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Young distracted drivers more prone to ‘engage in risky activity’: study

Young woman driving
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Limerick, Ireland — Young, novice drivers who talk or text on their cellphone while behind the wheel may be more likely to engage in high-risk driving behaviors, results of a recent study suggest.

Researchers from Lero, the Science Foundation Ireland Research Center for Software surveyed 700 German drivers with an average age of 21 who drive about 3,000 to 6,000 miles a year.

Addressing the findings in a press release, Darren Shannon, study co-author and specialized vehicle collision researcher with the Emerging Risk Group at the University of Limerick, said, “There is a strong association between those who speak on their phone and those who engage in risky activity with potentially fatal consequences, such as intoxicated driving, ignoring red traffic lights and driving with more passengers than seat belts.”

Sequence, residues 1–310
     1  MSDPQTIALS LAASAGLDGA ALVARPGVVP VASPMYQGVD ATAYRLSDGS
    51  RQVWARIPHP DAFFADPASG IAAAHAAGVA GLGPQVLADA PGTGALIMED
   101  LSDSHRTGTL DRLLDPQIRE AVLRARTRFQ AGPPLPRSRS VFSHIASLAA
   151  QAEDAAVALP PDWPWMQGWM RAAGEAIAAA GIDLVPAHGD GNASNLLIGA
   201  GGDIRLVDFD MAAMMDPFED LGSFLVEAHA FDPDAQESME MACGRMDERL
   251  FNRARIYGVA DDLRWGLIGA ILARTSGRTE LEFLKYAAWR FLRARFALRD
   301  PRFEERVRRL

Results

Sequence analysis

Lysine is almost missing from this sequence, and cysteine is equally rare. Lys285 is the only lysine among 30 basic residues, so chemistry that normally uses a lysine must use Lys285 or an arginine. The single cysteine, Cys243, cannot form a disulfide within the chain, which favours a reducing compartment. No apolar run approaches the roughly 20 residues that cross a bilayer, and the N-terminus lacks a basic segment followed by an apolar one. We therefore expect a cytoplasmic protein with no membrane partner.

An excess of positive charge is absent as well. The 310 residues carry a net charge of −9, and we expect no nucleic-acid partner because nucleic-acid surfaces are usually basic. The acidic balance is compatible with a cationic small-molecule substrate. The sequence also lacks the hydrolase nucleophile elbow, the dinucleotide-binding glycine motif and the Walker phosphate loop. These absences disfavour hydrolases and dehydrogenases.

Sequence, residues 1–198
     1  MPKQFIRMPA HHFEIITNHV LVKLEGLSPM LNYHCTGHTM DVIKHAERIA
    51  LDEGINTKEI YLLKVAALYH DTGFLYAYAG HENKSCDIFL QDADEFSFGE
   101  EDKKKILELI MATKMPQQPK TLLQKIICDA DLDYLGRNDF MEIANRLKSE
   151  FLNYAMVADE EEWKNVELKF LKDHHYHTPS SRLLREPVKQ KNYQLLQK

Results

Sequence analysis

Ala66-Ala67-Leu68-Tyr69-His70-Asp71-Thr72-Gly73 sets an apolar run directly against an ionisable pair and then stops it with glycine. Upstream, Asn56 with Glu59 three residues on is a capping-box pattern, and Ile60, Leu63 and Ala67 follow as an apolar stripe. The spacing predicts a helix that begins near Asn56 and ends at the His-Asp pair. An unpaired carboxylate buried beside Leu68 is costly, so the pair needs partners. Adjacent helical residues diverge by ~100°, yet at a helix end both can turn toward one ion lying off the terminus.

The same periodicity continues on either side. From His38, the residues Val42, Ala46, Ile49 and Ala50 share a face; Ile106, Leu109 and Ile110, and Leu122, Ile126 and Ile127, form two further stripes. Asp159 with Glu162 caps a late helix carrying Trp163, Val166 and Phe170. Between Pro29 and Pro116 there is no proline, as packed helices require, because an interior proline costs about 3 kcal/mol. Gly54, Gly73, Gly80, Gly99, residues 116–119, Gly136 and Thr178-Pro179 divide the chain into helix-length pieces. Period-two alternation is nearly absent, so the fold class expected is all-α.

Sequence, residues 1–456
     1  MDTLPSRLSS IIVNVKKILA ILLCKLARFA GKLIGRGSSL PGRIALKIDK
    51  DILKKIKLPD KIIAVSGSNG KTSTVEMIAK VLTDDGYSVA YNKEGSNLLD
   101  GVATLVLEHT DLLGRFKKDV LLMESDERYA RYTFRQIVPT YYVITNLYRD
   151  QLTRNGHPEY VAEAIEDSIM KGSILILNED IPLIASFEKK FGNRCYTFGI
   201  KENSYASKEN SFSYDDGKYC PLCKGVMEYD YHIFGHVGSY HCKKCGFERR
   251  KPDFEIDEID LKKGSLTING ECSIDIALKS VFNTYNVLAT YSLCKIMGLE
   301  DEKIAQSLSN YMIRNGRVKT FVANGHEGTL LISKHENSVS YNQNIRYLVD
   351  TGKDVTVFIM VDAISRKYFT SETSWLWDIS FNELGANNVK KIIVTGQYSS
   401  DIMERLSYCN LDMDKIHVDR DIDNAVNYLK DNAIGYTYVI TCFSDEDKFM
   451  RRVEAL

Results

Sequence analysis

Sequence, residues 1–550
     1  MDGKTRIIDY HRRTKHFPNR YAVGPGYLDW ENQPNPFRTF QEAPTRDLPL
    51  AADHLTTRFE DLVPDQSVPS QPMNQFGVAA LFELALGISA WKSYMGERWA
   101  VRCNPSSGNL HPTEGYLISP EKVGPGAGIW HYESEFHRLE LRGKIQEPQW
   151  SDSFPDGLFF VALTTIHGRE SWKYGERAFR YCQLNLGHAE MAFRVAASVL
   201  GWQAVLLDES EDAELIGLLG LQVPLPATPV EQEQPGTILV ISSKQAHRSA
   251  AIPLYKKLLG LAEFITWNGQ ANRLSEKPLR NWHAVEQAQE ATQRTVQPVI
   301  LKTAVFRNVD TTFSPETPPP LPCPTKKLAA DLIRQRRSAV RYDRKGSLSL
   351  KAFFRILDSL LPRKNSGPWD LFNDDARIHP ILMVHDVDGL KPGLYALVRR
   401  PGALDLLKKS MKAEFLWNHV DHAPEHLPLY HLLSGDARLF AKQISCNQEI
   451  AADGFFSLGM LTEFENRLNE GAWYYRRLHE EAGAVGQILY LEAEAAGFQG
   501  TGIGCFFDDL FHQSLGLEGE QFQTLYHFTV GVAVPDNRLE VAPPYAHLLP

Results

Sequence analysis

Additionally, the researchers found that distracted drivers are more likely to exceed the speed limit in urban areas by at least 12 mph as a result of reading notifications or sending texts or voice messages.

Tim Jannusch, lead study author and a doctoral candidate at Lero, said in the release that a high percentage of the respondents indicated they used their phones only to play music while driving, prompting the researchers to wonder if drivers believe the practice doesn’t qualify as distracted driving.


“These attitudes have implications for the safety of other road users,” Martin Mullins, study co-author and ERG co-leader, said in the release. “Our work allows for road safety authorities to accurately target information campaigns designed for younger drivers. Targeted campaigns should increase awareness that all smartphone-related activities can significantly increase the risk of a crash or near-crash event.”

The study was published in the journal Transportation Research Part F: Traffic Psychology and Behaviour.

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